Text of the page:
How Dental Hygienist Schools Lead to a Career in Oral Care

If you're pursuing a career in dental hygiene, the first thing you'll do is look into dental hygienist schools. And with over 345 across the U.S., you'll find them located in community colleges and in dental schools alike. Whether current students are pursuing an associate or a bachelor degree in dental hygiene, they tend to enroll in both types of programs as small groups. Are you interested in pursuing this profession? Be sure to consider the following three things:

What You'll Receive

The majority of community college programs take about two years to complete. Upon completion, graduates receive an associate's degree, affording them the means to take a licensure examination – national and state – and, with the right score, work in a dental or specialty office as a provider of preventative oral care. University-based dental hygiene schools also offer bachelor degrees, which certain states deem necessary for a career in teaching, research, professional sales and employment in various public health programs. According to the American Dental Association (ADA), dental hygienist schools typically offer a clinical education in the form of supervised patient dental care treatment.

What You'll Study

Course-wise, those pursuing a career in dental hygiene take general education or liberal arts classes in subjects like english and psychology, basic sciences like anatomy and chemistry, as well as applied sciences such as radiology and dental materials. Each one complements the more specific lab experiences your curriculum is built on, allowing you to become the most well-rounded healthcare professional you can be.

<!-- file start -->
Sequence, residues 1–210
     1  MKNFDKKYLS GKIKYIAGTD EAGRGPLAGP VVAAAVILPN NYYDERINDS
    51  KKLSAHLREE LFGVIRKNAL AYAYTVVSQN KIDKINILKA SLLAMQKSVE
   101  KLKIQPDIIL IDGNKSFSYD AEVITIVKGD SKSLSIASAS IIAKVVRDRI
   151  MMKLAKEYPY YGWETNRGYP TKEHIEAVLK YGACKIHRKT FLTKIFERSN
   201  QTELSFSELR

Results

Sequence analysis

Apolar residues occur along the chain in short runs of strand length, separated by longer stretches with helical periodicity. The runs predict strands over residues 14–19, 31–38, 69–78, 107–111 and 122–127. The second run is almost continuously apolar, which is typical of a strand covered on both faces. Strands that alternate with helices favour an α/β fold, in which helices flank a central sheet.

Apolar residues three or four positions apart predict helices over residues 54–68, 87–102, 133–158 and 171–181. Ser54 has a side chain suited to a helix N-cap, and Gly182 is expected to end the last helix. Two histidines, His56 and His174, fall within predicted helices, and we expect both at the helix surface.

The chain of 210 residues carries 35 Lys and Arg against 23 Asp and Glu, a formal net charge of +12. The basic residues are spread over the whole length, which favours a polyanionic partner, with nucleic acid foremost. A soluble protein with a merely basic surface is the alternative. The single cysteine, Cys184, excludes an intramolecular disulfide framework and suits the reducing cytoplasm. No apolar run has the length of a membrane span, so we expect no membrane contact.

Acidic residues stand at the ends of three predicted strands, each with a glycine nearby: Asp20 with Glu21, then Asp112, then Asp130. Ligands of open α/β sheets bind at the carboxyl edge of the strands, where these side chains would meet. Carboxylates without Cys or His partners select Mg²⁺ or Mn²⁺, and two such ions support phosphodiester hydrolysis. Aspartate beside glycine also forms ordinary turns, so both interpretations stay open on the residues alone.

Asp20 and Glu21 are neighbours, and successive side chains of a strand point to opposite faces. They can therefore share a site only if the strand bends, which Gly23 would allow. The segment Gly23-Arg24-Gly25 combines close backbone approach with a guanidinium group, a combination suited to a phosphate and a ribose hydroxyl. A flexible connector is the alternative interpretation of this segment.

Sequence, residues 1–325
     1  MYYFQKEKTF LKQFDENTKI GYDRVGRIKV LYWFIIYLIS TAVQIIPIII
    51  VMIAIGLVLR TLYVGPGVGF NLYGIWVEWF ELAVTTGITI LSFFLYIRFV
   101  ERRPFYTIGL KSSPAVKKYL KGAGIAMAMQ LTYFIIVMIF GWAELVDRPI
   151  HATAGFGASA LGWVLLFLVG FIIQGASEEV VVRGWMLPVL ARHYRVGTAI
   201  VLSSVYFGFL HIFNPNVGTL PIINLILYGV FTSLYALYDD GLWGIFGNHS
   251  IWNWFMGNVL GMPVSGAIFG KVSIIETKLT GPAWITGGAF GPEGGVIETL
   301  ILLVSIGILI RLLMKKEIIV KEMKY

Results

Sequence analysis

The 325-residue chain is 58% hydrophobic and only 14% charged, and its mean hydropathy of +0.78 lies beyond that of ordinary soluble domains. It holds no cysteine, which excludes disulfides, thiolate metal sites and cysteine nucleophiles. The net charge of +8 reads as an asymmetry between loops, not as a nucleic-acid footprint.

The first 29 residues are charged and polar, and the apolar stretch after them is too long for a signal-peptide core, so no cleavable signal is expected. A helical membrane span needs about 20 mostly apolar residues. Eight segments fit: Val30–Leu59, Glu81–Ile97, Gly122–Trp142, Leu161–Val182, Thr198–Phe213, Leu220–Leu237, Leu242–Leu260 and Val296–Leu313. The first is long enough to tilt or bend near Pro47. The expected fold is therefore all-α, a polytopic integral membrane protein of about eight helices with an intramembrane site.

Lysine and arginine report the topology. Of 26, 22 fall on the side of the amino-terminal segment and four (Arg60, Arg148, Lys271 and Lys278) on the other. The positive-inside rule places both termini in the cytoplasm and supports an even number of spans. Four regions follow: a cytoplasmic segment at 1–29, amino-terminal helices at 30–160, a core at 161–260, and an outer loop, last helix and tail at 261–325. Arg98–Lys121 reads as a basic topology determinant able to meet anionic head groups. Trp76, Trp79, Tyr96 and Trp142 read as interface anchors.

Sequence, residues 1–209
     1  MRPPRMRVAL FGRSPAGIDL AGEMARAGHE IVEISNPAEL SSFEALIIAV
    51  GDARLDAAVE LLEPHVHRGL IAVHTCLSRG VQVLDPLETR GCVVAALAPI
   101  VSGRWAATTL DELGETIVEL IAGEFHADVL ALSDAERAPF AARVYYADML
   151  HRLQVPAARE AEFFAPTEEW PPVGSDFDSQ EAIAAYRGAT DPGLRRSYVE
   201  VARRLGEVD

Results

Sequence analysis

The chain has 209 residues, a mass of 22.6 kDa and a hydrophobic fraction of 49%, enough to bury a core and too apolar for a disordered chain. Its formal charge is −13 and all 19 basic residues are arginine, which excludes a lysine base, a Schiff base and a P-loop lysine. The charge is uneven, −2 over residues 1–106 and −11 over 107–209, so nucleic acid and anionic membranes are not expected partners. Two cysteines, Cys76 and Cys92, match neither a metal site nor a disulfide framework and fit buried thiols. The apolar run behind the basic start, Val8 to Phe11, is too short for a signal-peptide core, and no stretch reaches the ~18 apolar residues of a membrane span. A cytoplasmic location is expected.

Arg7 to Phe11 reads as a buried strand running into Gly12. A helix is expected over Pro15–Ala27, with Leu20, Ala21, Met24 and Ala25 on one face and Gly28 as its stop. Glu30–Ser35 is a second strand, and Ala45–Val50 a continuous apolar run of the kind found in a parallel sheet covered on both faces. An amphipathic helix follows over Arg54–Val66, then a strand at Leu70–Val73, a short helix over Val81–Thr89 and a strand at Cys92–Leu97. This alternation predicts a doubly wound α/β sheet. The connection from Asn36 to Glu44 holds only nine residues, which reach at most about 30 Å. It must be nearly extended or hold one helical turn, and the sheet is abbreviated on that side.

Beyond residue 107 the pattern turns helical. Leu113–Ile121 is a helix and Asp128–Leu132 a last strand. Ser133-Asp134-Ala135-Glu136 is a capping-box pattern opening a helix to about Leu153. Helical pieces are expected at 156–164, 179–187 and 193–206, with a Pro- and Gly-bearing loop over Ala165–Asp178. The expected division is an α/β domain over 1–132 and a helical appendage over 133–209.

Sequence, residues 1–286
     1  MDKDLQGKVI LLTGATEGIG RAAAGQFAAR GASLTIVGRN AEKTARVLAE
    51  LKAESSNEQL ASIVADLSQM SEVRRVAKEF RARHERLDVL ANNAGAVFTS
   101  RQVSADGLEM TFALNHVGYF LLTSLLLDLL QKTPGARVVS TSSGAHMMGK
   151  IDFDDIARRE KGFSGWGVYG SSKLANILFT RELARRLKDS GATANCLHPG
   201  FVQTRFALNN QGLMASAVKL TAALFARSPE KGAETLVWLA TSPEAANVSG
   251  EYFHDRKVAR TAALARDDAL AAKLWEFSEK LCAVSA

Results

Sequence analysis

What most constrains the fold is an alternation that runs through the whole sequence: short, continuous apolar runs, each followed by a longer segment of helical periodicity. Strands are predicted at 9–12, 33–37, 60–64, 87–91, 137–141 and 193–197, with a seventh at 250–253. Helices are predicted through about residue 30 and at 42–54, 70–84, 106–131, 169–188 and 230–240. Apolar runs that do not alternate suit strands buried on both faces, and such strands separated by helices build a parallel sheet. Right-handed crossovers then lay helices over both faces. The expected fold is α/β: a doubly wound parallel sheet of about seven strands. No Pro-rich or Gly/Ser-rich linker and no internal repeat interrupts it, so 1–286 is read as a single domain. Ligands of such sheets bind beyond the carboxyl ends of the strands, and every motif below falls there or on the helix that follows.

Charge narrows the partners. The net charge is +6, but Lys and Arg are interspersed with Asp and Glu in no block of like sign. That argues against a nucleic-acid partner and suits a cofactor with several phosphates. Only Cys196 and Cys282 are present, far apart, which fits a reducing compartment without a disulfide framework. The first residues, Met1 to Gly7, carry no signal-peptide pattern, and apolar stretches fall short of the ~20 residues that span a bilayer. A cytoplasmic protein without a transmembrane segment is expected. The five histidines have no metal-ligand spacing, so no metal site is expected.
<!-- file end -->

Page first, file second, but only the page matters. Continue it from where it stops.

What You'll Invest

According to data gathered by the American Dental Hygienists' Association, the average associate's degree costs $22,692, whereas the average bachelor's costs $36,382. Of course, a smaller community school might charge less than a city-based dental hygienist school. Aside from tuition, consider the cost of instruments and clinical lab supplies to which you'll have regular access, as well. This may include hand mirrors, scaling tools, a cart with drawers, safety glasses, lab coats, disposable gloves and face masks, a handpiece and dental typodonts.

These upfront cost may sound a bit overwhelming, but the doors a degree in dental hygiene will open for you make all the hard work and saving worthwhile. Not only do dental hygienists do well for themselves long-term, but they also get to help people just like them. You won't just be responsible for cleaning your patients' teeth, but for their oral and overall health, too. Hand a little girl her first toothbrush or recommend a product like Colgate Sensitive Maximum Strength® Toothpaste with Whitening to someone with sensitive teeth, and you're making a lasting impact on someone's life – not just their smile.

This article is intended to promote understanding of and knowledge about general oral health topics. It is not intended to be a substitute for professional advice, diagnosis or treatment. Always seek the advice of your dentist or other qualified healthcare provider with any questions you may have regarding a medical condition or treatment.

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Each tooth has several distinct parts; here is an overview of each part:

  • Enamel – this is the outer and hardest part of the tooth that has the most mineralized tissue in the body. It can be damaged by decay if teeth are not cared for properly.

  • Dentin – this is the layer of the tooth under the enamel. If decay makes it through the enamel, it next attacks the dentin — where millions of tiny tubes lead directly to the dental pulp.

  • Pulp – this is the soft tissue found in the center of all teeth, where the nerve tissue and blood vessels are located. If tooth decay reaches the pulp, you usually feel pain and may require a root canal procedure.